I was expecting blue skies next morning, but no luck. It stopped raining at 8:00 though, so by the time I left everything was dry. Not much wind neither, but, sadly, the little bit of wind running wasn’t tail wind.
The road is straight there. Which means you go up and down all the time. Paved 100% still. Good.
At this point, I was fully aware of what Mongolia is. The fields, the skies, the unending landscape, the vastness, the loneliness. I liked it, but it started to feel a little bit boring. Must be honest.
I came up with some funny and nice monuments half way through; the marking of the different Provinces. Good. I also started to see (and feel) some moskitoes, specially as the day got warmer (towards lunchtime). Bad. Arrived to a town, Bayannuur, where I had some (very nice!) food, but felt a little bit empty, more like a desert town in some other country. Regular.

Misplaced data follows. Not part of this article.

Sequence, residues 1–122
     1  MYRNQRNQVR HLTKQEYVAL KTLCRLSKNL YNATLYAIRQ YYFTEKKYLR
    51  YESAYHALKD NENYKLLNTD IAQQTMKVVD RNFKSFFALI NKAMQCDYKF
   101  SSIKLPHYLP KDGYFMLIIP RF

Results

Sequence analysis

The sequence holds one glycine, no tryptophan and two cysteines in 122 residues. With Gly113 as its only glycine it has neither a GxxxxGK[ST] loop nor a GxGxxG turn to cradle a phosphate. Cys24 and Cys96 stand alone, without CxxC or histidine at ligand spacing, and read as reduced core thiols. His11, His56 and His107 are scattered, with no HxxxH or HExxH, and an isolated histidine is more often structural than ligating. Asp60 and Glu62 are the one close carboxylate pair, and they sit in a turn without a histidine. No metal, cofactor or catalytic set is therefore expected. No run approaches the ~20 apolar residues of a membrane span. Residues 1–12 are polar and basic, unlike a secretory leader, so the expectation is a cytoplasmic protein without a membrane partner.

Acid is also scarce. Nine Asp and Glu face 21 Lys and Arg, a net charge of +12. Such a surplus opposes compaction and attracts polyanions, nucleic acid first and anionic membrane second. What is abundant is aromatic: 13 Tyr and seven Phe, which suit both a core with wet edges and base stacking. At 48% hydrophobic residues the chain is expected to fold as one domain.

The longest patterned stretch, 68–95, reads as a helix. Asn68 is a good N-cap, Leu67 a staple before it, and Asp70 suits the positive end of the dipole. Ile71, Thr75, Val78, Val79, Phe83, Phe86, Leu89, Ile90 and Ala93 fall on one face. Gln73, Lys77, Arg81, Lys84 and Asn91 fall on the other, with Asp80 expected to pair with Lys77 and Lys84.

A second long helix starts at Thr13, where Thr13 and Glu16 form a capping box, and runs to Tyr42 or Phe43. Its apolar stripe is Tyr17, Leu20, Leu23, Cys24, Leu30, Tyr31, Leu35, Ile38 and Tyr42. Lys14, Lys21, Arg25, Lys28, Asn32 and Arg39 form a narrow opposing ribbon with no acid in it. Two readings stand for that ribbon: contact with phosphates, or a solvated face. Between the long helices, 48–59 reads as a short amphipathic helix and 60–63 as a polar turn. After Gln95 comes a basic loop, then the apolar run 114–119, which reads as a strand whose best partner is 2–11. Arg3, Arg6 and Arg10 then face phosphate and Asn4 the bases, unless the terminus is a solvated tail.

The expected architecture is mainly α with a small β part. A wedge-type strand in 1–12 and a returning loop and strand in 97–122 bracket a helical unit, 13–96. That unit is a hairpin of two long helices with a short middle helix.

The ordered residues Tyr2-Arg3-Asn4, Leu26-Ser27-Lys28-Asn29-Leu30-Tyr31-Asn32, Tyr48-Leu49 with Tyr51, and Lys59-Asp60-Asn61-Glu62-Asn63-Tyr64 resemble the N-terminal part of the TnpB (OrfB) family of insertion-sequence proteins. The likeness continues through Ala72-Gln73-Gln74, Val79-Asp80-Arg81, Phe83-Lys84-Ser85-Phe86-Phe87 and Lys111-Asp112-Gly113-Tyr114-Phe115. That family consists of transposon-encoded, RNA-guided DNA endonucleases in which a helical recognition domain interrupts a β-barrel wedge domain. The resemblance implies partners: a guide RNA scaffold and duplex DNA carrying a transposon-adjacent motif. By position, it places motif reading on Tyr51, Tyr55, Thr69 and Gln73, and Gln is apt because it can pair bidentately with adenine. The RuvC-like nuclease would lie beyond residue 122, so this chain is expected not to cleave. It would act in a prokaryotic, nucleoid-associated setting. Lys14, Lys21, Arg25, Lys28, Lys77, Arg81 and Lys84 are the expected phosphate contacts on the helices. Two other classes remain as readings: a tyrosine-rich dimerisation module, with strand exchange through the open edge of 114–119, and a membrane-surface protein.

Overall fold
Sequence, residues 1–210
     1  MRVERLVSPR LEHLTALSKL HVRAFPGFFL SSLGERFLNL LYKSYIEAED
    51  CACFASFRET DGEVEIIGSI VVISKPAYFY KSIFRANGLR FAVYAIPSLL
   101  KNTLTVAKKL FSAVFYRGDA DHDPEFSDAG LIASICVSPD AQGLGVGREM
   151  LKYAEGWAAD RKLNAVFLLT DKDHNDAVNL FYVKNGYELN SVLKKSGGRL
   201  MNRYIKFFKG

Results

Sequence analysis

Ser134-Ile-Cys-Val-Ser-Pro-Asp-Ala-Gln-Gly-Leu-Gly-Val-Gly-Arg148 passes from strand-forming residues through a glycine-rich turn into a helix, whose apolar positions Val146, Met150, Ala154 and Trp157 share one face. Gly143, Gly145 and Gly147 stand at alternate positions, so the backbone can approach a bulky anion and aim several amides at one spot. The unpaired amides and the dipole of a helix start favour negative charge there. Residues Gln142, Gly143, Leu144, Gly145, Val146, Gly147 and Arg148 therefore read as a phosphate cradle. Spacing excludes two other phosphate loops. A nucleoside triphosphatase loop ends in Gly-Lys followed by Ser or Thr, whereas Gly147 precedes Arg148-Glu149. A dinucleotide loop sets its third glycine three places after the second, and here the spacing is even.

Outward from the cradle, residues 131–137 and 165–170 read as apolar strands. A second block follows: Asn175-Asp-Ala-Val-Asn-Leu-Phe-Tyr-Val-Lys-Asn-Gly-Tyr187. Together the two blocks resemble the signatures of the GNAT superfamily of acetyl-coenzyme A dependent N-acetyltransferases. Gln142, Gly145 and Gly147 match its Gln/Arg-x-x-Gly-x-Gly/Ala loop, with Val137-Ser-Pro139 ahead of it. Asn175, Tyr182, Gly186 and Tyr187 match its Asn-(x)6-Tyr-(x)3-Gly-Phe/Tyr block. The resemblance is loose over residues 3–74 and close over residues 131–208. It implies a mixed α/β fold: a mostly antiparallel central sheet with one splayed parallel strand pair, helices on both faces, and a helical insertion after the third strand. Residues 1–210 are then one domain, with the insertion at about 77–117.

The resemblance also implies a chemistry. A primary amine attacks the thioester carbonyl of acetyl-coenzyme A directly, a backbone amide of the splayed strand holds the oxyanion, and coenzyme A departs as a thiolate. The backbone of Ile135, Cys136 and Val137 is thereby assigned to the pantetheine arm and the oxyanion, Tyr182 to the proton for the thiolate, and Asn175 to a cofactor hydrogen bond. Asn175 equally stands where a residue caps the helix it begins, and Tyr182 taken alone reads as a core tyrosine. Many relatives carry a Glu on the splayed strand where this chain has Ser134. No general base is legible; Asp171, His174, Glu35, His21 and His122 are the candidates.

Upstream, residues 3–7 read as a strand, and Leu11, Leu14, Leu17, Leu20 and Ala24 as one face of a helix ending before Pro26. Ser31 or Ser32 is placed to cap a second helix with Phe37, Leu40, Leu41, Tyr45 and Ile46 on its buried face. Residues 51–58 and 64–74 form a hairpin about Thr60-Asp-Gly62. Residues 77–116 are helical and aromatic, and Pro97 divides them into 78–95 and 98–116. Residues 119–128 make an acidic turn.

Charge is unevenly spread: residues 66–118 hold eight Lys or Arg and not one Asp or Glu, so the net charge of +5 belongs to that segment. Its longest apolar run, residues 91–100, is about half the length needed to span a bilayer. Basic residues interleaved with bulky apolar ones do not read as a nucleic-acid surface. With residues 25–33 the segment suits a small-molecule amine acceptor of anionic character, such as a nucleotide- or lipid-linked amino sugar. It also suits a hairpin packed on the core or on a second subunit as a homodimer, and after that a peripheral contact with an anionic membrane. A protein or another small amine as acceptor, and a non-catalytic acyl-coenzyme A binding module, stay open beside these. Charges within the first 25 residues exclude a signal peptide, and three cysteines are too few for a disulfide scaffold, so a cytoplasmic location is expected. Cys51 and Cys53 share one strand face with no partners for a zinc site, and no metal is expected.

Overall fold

Dunes appeared on the horizon and in the middle of the hills; they were small yellow patches in the middle of the green scenary.
I arrived like that to Dashinchilen, which, again, was a small town where time stops. Quite nice, must say. There was internet but I couldn’t have a shower. One of those Mongolian contradictions… I looked for a river, but the only one there was was small, with almost no water, and the water was muddy from kettle. The “hotel” where I stayed was attached to a discobar, so the music (shitty occidental pop/dance music from the radioformulas I hate so much) was loud.
Some Italians showed up for dinner. Good chance to know what was ahead, specially in terms of roads, since they had been in the country 12 times; I discovered, on the following days, they had no clue at all. Or maybe they did have some idea, but it was their idea. From their words and what I found later on I discovered that yes, Mongolia is a changing country.